Atmospheric conditions are predicated upon our active engagement within the house, with our homemaking aspirations and our harnessing of the raw possibilities of the interior of the building in order to organize them in an intelligible and sensuous way. A stripped down depiction of this process might be described as the unification of person and home. Its an issue of ‘placement.’
This yichud, or mystical unification in Kabbalah, involves the marriage of two channels of Divine emanation of sefirot. The first of these is ascribed the principle role of being a containment vessel or a house. Termed malchut or Kingdom, this sefirah or dimension serves as one’s domain of influence or capacity to effect external reality. We would all like to think that we are the “king” in our own home. We set the rules. We govern. We freely express our will. ‘My’ house is not just a location that is legally recognized as my ‘property.’ In Kabbalah, my home mirrors my ‘properties,’ my soul powers, my personality, my character traits and idiosyncrasies.
The other sefirah or dimension enlisted in the conjunction is tiferet which is one of the most basic words for beauty in the Hebrew language. Specific to this sense of beauty is the idea of variegated experience which is delicately woven together. Tiferet implies synthesis and balance. For both the Divine and human realms, the ordering of the universe–the fine tuning and thoughtful design, the beautification of our world and home–testifies to this ‘humanizing’ faculty.
As one of the most common kabbalistic intentions, a salient verse in Isaiah (44:13) portrays this unification of Tiferet and Malchut as follows:
“…according to the beauty of man, to dwell in the house.”
Man or humanity supplies the beauty (the name Havayah also corresponds to beauty). As the agent of the Divine, the human being is uniquely endowed with the resourcefulness and skill needed to participate in the beatification of the world-home. We mimic the Divine in this respect. Thus, the ‘beauty of man” might be read as ‘the aptitude for making beautiful (humanizing) which wishes to ‘dwell in the house.’
When the entirety of the world shifts from exile to redemption, when the unhomely becomes homely, it will do so because we have achieved a critical level of saturation of Divine consciousness. Global communications coverage binds us together. The wilderness, once tamed, turns from hostility to hospitality. An era when a patchwork of nations–one alien one to the next–collapses into a global village and then–through even more spectacular means of convergence–a giant home, where each is responsible for all the others, then, the sounds of the great Shofar are heard.
The Shofar that heralds the arrival of the Messianic age is not merely a ram’s horn. The sages hint at its true meaning with an expression from the prayers of Rosh Hashanah: “shapru maaseichem” – “improve you actions.” Blowing the Shofar is a call for improvement. The innovation economy and the attending culture of improvement that prevails in much of the world today, elevates the call for positive change to a level never before witnessed in history. Shofar itself means to beautify. This is the ‘great’ Shofar (“great” in the sense of universal). Space-ship earth is the only home we have–a message that should pierce the heart of all of us and inspire humanity to make the most of it.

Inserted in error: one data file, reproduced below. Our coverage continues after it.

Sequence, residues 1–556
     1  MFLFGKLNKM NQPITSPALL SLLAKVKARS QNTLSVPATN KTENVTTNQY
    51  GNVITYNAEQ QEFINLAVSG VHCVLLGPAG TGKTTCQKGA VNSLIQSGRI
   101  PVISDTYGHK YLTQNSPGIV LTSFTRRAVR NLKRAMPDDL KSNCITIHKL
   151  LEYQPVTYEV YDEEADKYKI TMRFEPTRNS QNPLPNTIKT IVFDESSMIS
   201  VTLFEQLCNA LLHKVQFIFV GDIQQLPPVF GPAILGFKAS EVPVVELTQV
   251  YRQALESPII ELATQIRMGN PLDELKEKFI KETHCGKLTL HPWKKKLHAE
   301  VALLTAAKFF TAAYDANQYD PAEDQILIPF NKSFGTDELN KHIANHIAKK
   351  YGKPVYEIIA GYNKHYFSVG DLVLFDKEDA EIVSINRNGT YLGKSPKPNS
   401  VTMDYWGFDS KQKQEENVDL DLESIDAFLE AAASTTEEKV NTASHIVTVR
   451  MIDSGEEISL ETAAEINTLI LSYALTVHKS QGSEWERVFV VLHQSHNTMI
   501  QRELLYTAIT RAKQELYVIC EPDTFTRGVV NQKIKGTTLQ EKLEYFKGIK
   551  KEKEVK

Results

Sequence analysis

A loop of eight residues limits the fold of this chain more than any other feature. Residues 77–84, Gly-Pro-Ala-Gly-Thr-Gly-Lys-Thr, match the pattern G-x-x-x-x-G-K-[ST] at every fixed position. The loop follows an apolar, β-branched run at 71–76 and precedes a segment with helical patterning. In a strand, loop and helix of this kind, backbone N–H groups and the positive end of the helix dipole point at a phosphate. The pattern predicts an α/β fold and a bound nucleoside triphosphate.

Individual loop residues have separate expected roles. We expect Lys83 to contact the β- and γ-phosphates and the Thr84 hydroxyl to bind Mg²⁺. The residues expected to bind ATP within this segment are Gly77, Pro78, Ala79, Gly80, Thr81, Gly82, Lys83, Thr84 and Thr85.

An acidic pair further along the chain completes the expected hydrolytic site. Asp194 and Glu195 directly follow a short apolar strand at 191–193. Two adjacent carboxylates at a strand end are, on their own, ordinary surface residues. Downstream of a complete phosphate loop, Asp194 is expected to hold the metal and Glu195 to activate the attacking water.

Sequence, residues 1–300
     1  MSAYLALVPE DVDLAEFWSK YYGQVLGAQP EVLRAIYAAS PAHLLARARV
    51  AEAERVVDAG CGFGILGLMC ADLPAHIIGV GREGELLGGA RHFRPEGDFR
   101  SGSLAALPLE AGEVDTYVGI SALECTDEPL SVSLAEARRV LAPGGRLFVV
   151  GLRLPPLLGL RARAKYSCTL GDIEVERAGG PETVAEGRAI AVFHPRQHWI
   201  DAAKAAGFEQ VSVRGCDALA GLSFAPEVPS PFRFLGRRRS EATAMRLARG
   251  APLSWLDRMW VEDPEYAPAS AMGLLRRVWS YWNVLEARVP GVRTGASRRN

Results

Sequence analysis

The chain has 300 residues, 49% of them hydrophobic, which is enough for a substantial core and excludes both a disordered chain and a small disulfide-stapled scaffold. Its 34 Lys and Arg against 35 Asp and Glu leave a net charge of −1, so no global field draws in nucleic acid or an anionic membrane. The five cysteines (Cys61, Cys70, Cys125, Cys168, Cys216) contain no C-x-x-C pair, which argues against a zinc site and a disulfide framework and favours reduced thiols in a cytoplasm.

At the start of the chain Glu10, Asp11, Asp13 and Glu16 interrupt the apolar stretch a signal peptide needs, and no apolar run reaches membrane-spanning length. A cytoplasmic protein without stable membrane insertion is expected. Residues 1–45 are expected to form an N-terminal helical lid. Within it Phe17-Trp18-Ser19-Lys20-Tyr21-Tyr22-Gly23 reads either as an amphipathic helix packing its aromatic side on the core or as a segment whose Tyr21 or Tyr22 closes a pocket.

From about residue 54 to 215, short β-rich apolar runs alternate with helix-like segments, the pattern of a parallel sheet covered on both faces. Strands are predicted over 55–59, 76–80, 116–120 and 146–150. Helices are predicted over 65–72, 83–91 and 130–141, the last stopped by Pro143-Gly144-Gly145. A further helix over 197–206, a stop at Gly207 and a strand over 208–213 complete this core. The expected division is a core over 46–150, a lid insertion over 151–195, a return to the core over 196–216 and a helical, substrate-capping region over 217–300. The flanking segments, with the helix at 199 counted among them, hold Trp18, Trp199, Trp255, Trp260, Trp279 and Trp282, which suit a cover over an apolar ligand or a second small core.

An interior design project of such scope and scale requires tremendous leadership. The Torah addresses this by insisting that there is not only a Messianic Age but an actual leadership figure or Moshiach. On the one hand, Moshiach (the Messiah) implies a ‘speaker’ (maisiach) which should trigger associations with the building of the Temple as a model of rectified language (language as the house of Being [Havayah]). On the other hand, we see this redeemer in the role of more than a builder. He must also fill the role of being the ultimate interior designer. The beautification of our outer world reflects the beautification of our inner world. To be at home with our spiritual lives, to be at home with ourselves, entreats us to learn about and practice interior design.
One of the most ‘beautiful’ allusions to this directive derives from the fact that in Hebrew the word for Moshiach is spelled Mem-Shin-Yud-Chet whose numerical values are 40+300+10+8 or 358 in total. Amazingly, the modern Hebrew expression settled on etzuv pe’nim [עיצוב פנים] for interior design. When we add up the gematria of its letters: Ayin-Yud-Tzadi-Vav-Beit and Pei-Nun-Yud-Mem they are respectively 70+10+90+6+2 and 80+100+10+40 which is also 358
Moshiach = 358 = etzuv pe’nim ‘interior design’.
The entire enterprise of Moshiach is equivalent to an interior design pursuit. Redemption is contingent upon the deployment of the ultimate spiritual interior designer.
In Part Four, we will explore the individual rooms of our ideal home.